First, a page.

When a makeshift army in 1788 busted up a Fourth of July oxen roast at the base of a hill in Providence, R.I., Federal Hill got its name.
Originally, Native people called it Nocabulabet, meaning “land above the river” or “land between the ancient waters.”
Providence grew up around the hill. Irish immigrants crowded into the neighborhood in the mid-19th century, followed by a wave of newcomers from Italy. Beginning in 1956, mob boss Ray Patriarca ran his empire from the nondescript Coin-O-Matic building on Federal Hill’s main thoroughfare, Atwells Avenue.
Today, Federal Hill makes up Providence’s Little Italy, known for its variety of restaurants and vibrant street life.
But things were very different in 1788.
In June of 1788, New Hampshire ratified the U.S. Constitution, the ninth state to do so. That effectively established a framework for a government in the newly liberated country. Virginia followed, days later.
The Constitution, as created by the representatives from the 13 colonies, stipulated that nine colonies must approve it before it would be considered enacted.
As news spread that 10 colonies had signed off on the document, Federalists everywhere celebrated the news. In Rhode Island, July 4th seemed the perfect time to mark the new Constitution.
Rhode Island, however, along with North Carolina, declined to ratify the Constitution. Rhode Island would not approve it until 1790, when the adoption of the document was virtually a foregone conclusion.
Within the state, Anti-Federalists held power through the dominant Country Party. Anti-Federalists opposed the Constitution for a variety of reasons, including loss of independence to a strong central government. The party’s leader, Arthur Fenner, won election as governor from 1790 to 1805.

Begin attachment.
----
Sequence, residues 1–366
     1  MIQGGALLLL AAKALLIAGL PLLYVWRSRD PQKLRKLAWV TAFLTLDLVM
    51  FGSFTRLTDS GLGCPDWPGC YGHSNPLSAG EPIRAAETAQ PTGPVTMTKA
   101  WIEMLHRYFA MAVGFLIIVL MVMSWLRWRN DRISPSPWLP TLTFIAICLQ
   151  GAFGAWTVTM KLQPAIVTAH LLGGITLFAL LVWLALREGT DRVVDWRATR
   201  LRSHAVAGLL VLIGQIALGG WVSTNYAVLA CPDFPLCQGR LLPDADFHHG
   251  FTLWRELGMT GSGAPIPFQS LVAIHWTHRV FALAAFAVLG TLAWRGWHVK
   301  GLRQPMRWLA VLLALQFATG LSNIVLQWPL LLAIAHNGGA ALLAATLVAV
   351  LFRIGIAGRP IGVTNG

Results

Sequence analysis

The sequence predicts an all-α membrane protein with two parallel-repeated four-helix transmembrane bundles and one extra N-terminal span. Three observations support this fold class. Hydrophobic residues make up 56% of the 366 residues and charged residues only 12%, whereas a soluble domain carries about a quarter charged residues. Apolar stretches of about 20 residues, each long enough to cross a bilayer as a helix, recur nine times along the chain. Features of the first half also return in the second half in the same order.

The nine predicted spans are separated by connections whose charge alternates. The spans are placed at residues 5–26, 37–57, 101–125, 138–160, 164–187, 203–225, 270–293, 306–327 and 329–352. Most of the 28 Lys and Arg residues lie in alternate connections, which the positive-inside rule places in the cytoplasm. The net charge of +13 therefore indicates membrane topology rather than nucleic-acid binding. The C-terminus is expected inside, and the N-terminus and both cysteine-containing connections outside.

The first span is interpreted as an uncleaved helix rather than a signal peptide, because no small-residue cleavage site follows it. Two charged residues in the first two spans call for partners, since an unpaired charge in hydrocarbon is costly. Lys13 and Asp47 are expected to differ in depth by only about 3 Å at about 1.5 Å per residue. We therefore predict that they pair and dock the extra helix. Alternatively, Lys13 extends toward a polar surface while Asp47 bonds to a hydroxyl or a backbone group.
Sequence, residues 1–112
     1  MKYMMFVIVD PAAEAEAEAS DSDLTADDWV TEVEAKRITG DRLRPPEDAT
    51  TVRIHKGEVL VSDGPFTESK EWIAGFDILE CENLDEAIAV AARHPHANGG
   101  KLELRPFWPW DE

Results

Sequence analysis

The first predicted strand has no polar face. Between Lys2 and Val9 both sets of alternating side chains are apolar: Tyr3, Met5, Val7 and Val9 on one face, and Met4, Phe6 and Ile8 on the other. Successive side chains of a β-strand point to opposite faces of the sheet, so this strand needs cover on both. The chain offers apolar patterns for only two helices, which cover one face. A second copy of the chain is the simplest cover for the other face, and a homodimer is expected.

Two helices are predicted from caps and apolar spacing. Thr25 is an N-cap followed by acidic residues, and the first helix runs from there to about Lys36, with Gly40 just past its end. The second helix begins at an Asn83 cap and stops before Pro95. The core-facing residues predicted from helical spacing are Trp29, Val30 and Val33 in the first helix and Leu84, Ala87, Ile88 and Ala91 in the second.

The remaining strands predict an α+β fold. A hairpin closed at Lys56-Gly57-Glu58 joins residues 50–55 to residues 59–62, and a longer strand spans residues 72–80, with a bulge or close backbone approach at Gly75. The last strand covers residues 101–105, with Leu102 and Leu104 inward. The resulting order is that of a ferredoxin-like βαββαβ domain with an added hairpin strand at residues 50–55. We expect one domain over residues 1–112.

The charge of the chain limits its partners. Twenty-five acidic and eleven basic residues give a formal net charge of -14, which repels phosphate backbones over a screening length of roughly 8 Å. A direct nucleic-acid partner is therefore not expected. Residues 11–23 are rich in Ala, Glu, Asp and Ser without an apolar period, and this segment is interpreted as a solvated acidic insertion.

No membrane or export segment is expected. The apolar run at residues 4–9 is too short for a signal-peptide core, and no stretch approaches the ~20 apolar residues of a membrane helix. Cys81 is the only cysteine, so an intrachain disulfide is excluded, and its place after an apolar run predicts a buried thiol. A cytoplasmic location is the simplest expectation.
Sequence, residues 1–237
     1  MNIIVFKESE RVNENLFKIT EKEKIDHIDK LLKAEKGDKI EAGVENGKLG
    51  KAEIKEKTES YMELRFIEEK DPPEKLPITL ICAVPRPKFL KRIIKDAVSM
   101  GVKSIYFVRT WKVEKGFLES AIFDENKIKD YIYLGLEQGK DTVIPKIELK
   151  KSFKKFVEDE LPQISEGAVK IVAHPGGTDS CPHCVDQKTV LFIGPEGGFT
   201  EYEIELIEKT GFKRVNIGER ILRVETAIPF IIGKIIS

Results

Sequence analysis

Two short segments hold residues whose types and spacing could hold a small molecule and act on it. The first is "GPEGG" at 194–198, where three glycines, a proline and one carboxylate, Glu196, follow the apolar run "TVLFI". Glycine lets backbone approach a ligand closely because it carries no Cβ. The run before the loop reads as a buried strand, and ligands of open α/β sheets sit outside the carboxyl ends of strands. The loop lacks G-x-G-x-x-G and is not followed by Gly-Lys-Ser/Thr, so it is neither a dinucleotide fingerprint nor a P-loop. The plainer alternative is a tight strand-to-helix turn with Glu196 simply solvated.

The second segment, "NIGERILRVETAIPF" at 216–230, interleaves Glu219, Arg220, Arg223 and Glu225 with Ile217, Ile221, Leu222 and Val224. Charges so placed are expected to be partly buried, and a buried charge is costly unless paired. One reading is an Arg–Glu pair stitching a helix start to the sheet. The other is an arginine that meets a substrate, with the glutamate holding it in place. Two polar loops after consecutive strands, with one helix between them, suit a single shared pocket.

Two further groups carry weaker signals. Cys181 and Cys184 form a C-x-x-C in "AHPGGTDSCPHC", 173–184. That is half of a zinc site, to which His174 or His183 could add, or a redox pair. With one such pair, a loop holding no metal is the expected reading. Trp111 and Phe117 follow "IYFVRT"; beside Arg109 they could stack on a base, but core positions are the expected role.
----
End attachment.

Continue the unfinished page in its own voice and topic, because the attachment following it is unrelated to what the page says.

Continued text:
As plans for the July 4, 1788 celebration took shape, Rhode Island revolutionary war general William West would have none of it. West, a prosperous Scituate farmer, businessman and judge in the state’s Supreme Court, gathered an army of 1,000 farmers and stormed Providence.
Federalists planned to read the Constitution during an ox roast celebration at the base of Nocabulabet . But West and his army showed up in protest and stopped the festivities.
Rhode Island Caves
Parties from West’s army and the Constitution-celebrating Federalists met to resolve the standoff. They reached a compromise to prevent fighting from breaking out: Federalists agreed that the celebration would only mark the Fourth of July. They would not read aloud the Constitution as planned. But Federal Hill got its name because of the incident.
For more than two years the Country Party held the Federalists at bay. The Country Party allied with many of Rhode Island’s Quakers, who opposed the federal Constitution’s allowance of slavery.
But the rest of the country pushed on, dragging Rhode Island inexorably toward ratification. Businesses could not seek payment for war losses, and other privileges were denied to states that did not ratify. And as a final carrot, the federal government agreed to assume state debts if they ratified.
In May of 1790, Rhode Island’s constitutional convention convened. Leaders in Providence threatened to secede from Rhode Island if the convention failed to ratify the Constitution. The Federalists then won and Rhode Island approved the Constitution.
For West and other Anti-Federalists, opposition to the new Constitution would prove costly. The new government devalued state-issued Continental currency. The bills could be exchanged for new government treasury bonds at an exchange rate of one percent of face value.
West then attempted to pay off mortgages on his Scituate farm in Continental dollars, but he failed. The first decision ever made by the U.S. Supreme Court denied his attempts to use Continental currency. It doomed West to bankruptcy and a stay in debtor’s prison. He died in 1816.
This story last updated in 2022.
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